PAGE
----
Why we use Ruby on Rails

Robert Brook

Well, it works for us. We’re writing a pretty straightforward web application – and Rails seems to do those reasonably well. As much as possible, we try to stay within the Rails way.

Rails is ‘web-native’. So is our application. It’s a good fit. Rails makes it easy to write for the web. We care about accessibility and standards – Rails gives us the control where we need it. Rails also offers us the ability to use recent standard web functionality. We can build up-to-date, innovative features.

Our work – well, most of it – is open. We wanted to use a technology stack which was similarly open. We’re not tied to a particular vendor – not that having a vendor is necessarily a bad thing, of course.

Why not Django, or TurboGears, or Drupal? No particular reason. People with Rails skills were easier to find. We didn’t go through a long – or even a short – comparison between web stacks. We just chose Rails. Could we have done it all in Django? Probably. But – it doesn’t really matter what we use, just as long as we can provide the service.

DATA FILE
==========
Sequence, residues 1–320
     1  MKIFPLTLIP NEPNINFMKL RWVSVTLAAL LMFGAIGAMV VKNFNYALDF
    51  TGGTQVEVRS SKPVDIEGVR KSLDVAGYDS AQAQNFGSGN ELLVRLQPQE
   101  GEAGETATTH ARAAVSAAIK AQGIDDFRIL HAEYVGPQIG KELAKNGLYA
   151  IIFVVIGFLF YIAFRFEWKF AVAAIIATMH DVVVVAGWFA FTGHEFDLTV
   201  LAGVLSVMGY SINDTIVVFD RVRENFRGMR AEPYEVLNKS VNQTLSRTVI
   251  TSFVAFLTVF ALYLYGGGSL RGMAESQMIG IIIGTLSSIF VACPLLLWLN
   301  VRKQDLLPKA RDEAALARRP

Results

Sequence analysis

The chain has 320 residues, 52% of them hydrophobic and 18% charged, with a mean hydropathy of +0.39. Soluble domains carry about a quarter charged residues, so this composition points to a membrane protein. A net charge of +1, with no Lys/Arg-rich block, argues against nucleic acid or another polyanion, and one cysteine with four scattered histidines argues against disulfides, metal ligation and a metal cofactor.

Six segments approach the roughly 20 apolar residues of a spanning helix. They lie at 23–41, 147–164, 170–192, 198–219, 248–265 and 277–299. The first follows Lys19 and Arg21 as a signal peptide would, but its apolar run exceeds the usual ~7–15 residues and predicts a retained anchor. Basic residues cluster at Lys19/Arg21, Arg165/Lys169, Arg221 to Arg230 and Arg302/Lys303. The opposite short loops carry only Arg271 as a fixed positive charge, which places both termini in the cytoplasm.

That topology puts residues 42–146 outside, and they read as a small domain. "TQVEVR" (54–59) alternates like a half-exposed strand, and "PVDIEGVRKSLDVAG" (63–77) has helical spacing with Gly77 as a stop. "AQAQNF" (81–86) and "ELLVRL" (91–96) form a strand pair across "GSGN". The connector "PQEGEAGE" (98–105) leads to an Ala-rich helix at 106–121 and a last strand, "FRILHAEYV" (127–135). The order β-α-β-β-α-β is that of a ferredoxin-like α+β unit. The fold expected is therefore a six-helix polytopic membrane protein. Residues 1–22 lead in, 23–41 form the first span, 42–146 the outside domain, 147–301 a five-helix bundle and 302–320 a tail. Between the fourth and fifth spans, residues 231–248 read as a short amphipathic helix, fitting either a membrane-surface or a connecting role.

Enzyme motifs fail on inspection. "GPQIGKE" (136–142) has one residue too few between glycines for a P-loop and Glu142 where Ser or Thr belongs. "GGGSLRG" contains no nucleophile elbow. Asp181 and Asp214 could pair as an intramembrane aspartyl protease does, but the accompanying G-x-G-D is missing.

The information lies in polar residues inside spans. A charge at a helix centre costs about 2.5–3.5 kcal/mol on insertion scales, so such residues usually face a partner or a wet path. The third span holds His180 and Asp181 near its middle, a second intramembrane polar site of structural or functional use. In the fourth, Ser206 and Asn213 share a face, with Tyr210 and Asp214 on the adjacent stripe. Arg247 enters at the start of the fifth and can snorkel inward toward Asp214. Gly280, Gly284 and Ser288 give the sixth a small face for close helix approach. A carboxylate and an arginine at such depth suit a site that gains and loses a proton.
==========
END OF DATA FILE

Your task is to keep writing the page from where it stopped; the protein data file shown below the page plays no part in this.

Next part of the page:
The Rails community in London is pretty strong. We’re based in London. There’s user groups, O’Reilly books, people who we can talk to if we have a problem. There’s pretty comprehensive documentation. The solutions to most of our problems are a Google query away.

What we’re doing isn’t terrifically complex, nor do we have huge amounts of traffic. We’re only at the beginning of the ‘scaling’ journey. But other people seem to have managed it…

Rails is relatively easy to pick up and to cross-train staff in. It’s a ‘no-surprises’ MVC stack. It’s public – and standardised. If we mention Rails, people usually know what we’re talking about. People can get familiar with the framework and be productive early.

We also appreciate the tools that we can use that support good development practice. rspec and autotest are especially useful. And behind Rails, there’s Ruby. We like Ruby. We like writing domain logic, not ‘code’.

We’ve most likely got some challenges ahead: more data, more caching, proxy setup. We’ve chosen a tool that will help us deliver.

Posted in: autotest, rspec, ruby on rails


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